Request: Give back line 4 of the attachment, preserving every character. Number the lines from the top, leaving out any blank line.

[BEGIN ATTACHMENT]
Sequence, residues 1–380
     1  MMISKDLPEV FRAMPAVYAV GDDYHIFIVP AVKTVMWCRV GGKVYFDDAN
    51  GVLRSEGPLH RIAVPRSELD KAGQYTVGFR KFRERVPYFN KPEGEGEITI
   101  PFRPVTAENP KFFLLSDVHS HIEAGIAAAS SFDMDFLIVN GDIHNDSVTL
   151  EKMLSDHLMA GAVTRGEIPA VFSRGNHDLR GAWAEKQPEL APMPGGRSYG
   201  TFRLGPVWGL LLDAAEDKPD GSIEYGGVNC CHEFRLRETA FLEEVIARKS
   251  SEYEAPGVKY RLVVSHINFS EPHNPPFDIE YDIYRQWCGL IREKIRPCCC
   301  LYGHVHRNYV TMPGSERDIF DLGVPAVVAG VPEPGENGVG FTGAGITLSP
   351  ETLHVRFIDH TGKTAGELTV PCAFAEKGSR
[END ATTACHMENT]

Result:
   101  PFRPVTAENP KFFLLSDVHS HIEAGIAAAS SFDMDFLIVN GDIHNDSVTL